Sound kind of familiar?

Wheels said: They may not even recognize themselves how starkly at odds this is with the 1st Amendment’s religious freedoms protections, and definitely not how much they’d hate it if it was some other religion trying to do exactly what they are doing to work sectarian ideals into the law of the land.

There’s also Article 6: “no religious Test shall ever be required as a Qualification to any Office or public Trust under the United States.”

Strange Constitution to have been written by theocratic-minded men.

The Curmudgeon said:

Wheels said: They may not even recognize themselves how starkly at odds this is with the 1st Amendment’s religious freedoms protections, and definitely not how much they’d hate it if it was some other religion trying to do exactly what they are doing to work sectarian ideals into the law of the land.

There’s also Article 6: “no religious Test shall ever be required as a Qualification to any Office or public Trust under the United States.”

Strange Constitution to have been written by theocratic-minded men.

Particularly since it’s a direct reference to the Test Acts http://en.wikipedia.org/wiki/Test_act.

Those who are ignoring this link might want to click it. It leads to a short but interesting and highly relevant video.

http://www.youtube.com/watch?v=8mwGYr0OWzw

I put in a request for our local public library to buy it.

Unfortunately, they are having a budget crisis like just about any local jurisdictions in the USA.

So I’m not hopeful. They didn’t have Chris Rodda’s book but they didn’t have Barton’s either.

The war on christmas, easter, anti-christian policies, all nonsense. Perhaps equally scary is the recent voting by conservative legislatures/governors to enact religiously motivated legislation, including anti-abortion, anti-healthcare, anti-public schools and expanding voucher programs for private & parochial schools, etc. Wisconsin is apparently stepping up the pace to enact such legislation before any possible recall of the republicans that would thwart their goals.

The war on christmas, easter, anti-christian policies, all nonsense.

I just looked at the National Council of Churches “progress” report for 2010.

Over 1 million people dropped off the church roles last year. US xianity is declining slowly.

There was an even sharper drop in the money they collect.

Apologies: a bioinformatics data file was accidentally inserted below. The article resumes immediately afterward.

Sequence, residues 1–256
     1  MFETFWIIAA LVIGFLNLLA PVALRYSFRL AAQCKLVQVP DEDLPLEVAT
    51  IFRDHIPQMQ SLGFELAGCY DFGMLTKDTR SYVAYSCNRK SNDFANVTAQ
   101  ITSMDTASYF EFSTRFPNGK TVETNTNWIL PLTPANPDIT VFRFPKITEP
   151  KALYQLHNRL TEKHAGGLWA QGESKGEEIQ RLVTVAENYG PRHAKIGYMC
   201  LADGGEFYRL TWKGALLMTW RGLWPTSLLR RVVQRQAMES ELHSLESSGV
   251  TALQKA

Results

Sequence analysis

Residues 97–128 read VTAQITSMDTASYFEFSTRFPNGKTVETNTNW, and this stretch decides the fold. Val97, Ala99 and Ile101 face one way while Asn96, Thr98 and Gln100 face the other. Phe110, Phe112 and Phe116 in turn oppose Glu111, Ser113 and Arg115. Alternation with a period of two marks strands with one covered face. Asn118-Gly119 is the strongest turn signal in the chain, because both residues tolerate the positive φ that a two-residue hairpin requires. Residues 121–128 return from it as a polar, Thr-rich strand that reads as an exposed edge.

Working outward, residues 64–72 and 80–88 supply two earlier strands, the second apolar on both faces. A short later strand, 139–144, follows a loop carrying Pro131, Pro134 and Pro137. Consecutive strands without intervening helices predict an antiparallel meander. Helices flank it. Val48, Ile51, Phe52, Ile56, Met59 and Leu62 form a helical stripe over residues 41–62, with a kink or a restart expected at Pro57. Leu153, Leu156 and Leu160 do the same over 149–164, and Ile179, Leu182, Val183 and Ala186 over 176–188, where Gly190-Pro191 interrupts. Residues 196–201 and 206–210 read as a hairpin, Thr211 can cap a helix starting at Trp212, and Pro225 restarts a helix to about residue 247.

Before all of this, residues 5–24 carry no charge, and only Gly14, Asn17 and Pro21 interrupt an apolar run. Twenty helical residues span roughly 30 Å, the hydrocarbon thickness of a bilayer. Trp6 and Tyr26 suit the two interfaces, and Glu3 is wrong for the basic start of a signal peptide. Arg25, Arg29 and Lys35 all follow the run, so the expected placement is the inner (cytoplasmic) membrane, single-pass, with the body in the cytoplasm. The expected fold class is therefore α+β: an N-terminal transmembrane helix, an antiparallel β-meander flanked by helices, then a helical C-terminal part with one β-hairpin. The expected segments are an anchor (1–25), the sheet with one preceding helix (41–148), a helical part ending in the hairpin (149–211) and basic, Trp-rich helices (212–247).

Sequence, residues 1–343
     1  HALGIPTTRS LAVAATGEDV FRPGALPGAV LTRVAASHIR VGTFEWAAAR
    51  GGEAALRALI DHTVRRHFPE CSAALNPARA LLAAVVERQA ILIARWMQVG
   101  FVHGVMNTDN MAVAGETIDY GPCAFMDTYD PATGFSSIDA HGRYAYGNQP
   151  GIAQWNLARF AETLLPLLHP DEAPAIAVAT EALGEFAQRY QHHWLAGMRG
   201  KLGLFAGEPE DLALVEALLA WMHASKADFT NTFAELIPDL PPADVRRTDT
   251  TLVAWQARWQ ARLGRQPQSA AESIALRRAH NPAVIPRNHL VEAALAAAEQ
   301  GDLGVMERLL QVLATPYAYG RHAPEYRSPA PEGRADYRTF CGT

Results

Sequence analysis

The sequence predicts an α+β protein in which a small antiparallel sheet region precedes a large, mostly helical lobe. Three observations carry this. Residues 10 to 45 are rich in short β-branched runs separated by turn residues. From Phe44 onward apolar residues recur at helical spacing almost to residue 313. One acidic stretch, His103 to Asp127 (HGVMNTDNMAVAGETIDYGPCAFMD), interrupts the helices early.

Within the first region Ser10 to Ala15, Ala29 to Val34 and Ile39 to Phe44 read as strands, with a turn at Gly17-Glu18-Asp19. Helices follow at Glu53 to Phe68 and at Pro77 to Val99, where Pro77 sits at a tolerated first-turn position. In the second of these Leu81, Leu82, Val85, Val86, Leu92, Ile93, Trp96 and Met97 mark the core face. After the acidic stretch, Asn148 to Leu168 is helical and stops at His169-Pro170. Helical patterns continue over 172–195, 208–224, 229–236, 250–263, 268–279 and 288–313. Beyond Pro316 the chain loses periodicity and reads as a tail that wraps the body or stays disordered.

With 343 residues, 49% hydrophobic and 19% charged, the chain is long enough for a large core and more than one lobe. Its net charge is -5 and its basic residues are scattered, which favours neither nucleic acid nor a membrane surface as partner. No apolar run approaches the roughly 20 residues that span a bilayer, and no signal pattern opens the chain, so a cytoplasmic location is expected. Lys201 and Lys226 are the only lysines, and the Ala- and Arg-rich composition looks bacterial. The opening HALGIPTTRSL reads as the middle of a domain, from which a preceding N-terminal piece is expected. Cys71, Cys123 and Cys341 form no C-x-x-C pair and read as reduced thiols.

Way things are going, it is a race between whether US xianity shakes itself apart before they manage to destroy us.

Theocracies got their bad reputation centuries ago for good reasons. They don’t work. They end up hells on earth. The current leading ones are Iran, Afghanistan, and Somalia. The last notable European one was the era known as…The Dark Ages.

raven said:

The war on christmas, easter, anti-christian policies, all nonsense.

I just looked at the National Council of Churches “progress” report for 2010.

Over 1 million people dropped off the church roles last year. US xianity is declining slowly.

There was an even sharper drop in the money they collect.

Way things are going, it is a race between whether US xianity shakes itself apart before they manage to destroy us.

Theocracies got their bad reputation centuries ago for good reasons. They don’t work. They end up hells on earth. The current leading ones are Iran, Afghanistan, and Somalia. The last notable European one was the era known as…The Dark Ages.

I strongly suspect that much of the reason is due to the Ken Hams, the Kent Hovinds, the David Bartons, the Westboro Baptists, and the politically aggressive Evangelicals pushing revisionist history and science.

I the 40+ years I have watched the shenanigans of ID/creationists and the evangelicals, I have seen more and more people simply getting fed up with religion. And the scandals within the Catholic Church seem to have contributed to a mass (no pun intended) exodus of Catholics.

It’s unfortunate that the US has to relearn European church history. And we may be seeing the beginnings of the secularization of the Islamic world as well.